28 November 2010 3431 Views

Tangled Viral Campaign and Film Review: Is This The Beginning or End of Disney Classics?

by Kris

Walt Disney said that “We keep moving forward, opening new doors, and doing new things, because we’re curious and curiosity keeps leading us down new paths.” Disney has continued his idea with Tangled. Still, does that mean it is the end of Disney classic fairytales? Was the campaign an insult to the movie, or its saviour? Find out as I review both the movie and it’s viral campaign after the jump.

The Movie: Where does it stand?

Can you guess how long a Rapunzel tale has been in the making? If you say anything less than 20 years, you’re still wrong. Walt has always wanted to make a Rapunzel tale but couldn’t. Animation fans can love 2D animation all they want; Rapunzel’s hair would look too dull. With the latest CGI being able to show every single strand of hair in photo-realistic fashion, the wait was worth it. Now, technically this movie has been in production for around 20 years. Originally it was going to be traditional 2D, but 6 years ago there was a total revamp of the crew as it changed to a CGI project, but it was still for the better.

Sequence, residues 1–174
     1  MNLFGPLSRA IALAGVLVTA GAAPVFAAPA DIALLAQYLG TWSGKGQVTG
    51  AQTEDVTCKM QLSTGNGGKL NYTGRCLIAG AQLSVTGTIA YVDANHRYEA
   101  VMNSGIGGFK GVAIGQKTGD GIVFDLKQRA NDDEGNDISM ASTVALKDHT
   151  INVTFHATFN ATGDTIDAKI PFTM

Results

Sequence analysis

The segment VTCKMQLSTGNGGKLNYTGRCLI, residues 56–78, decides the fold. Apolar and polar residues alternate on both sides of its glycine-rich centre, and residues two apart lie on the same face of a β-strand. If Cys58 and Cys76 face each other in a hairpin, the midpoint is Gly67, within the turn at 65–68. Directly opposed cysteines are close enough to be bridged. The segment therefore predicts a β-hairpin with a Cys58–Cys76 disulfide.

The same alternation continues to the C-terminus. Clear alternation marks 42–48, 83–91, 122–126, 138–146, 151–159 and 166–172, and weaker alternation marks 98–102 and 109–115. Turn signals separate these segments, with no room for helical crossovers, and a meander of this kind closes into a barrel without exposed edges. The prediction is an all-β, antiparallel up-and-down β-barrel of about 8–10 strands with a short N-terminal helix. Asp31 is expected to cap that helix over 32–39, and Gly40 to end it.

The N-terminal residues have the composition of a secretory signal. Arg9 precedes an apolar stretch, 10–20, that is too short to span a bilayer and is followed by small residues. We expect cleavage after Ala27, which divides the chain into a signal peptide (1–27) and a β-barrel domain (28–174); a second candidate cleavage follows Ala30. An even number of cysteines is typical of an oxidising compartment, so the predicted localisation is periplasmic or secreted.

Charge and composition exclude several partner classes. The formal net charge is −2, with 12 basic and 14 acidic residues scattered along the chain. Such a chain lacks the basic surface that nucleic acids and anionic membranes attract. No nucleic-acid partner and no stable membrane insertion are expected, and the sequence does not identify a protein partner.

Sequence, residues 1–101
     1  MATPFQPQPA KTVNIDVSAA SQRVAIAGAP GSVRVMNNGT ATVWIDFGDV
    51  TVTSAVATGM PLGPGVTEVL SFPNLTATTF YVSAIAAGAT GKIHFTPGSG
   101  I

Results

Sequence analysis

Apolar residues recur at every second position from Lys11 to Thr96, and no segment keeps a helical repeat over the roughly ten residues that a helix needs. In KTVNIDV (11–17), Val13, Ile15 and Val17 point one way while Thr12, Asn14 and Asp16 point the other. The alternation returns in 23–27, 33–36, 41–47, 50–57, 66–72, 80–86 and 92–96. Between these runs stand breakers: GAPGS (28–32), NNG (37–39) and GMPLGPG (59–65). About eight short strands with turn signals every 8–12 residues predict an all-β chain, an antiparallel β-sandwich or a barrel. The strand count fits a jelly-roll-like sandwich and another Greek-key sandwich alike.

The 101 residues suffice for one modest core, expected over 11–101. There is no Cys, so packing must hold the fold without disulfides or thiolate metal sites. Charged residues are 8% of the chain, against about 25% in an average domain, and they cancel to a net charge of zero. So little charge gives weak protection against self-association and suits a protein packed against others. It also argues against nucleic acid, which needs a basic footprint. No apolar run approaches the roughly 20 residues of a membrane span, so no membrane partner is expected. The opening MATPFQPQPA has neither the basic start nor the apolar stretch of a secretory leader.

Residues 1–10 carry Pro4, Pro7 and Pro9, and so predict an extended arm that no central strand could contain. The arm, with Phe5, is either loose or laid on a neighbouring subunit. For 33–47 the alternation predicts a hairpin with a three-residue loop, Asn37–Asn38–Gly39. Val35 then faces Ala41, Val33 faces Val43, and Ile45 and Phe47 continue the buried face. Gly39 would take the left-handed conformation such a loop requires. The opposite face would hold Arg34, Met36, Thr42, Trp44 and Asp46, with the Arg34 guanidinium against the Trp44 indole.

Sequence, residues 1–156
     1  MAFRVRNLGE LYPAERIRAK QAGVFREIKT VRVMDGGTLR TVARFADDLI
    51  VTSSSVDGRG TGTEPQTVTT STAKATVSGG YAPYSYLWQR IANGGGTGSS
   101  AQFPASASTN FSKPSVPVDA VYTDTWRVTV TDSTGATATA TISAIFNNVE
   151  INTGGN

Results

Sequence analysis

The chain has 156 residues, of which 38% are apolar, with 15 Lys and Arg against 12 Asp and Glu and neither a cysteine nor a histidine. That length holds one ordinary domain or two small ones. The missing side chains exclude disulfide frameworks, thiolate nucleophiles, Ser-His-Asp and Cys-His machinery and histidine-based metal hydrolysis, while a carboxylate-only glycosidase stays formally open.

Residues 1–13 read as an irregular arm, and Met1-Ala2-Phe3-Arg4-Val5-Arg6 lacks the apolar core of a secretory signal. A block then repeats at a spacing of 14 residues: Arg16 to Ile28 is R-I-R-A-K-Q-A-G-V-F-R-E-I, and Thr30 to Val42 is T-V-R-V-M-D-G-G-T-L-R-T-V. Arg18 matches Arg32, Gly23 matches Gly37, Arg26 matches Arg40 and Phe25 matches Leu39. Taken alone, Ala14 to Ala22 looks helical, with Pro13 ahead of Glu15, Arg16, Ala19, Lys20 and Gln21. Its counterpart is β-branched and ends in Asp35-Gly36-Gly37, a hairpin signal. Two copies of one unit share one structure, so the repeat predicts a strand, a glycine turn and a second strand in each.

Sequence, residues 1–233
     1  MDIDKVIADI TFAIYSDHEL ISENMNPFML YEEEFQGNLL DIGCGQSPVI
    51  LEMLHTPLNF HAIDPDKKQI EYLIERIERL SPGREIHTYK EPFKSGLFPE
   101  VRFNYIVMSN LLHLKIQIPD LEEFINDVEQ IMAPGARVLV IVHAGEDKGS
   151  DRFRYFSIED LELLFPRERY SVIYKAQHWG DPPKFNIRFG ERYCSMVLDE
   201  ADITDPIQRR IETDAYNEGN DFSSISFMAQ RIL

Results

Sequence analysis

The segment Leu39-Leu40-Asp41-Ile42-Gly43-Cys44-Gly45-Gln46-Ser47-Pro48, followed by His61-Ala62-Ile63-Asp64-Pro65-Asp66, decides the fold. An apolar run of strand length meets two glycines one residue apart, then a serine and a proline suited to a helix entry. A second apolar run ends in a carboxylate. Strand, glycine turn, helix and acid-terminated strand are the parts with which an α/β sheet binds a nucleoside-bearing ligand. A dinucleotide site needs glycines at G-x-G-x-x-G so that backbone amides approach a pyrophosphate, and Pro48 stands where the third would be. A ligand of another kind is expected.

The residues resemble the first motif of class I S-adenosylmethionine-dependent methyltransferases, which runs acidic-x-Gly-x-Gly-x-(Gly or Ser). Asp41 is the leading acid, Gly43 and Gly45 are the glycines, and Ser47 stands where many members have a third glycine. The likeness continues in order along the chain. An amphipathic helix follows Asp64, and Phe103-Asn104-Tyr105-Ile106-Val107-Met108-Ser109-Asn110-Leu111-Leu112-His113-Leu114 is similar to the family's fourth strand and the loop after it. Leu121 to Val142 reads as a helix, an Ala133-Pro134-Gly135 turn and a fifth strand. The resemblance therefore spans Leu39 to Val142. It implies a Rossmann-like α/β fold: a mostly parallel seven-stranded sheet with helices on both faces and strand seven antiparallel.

The animals don't talk, but they express their emotions more than most animal sidekicks you'll find.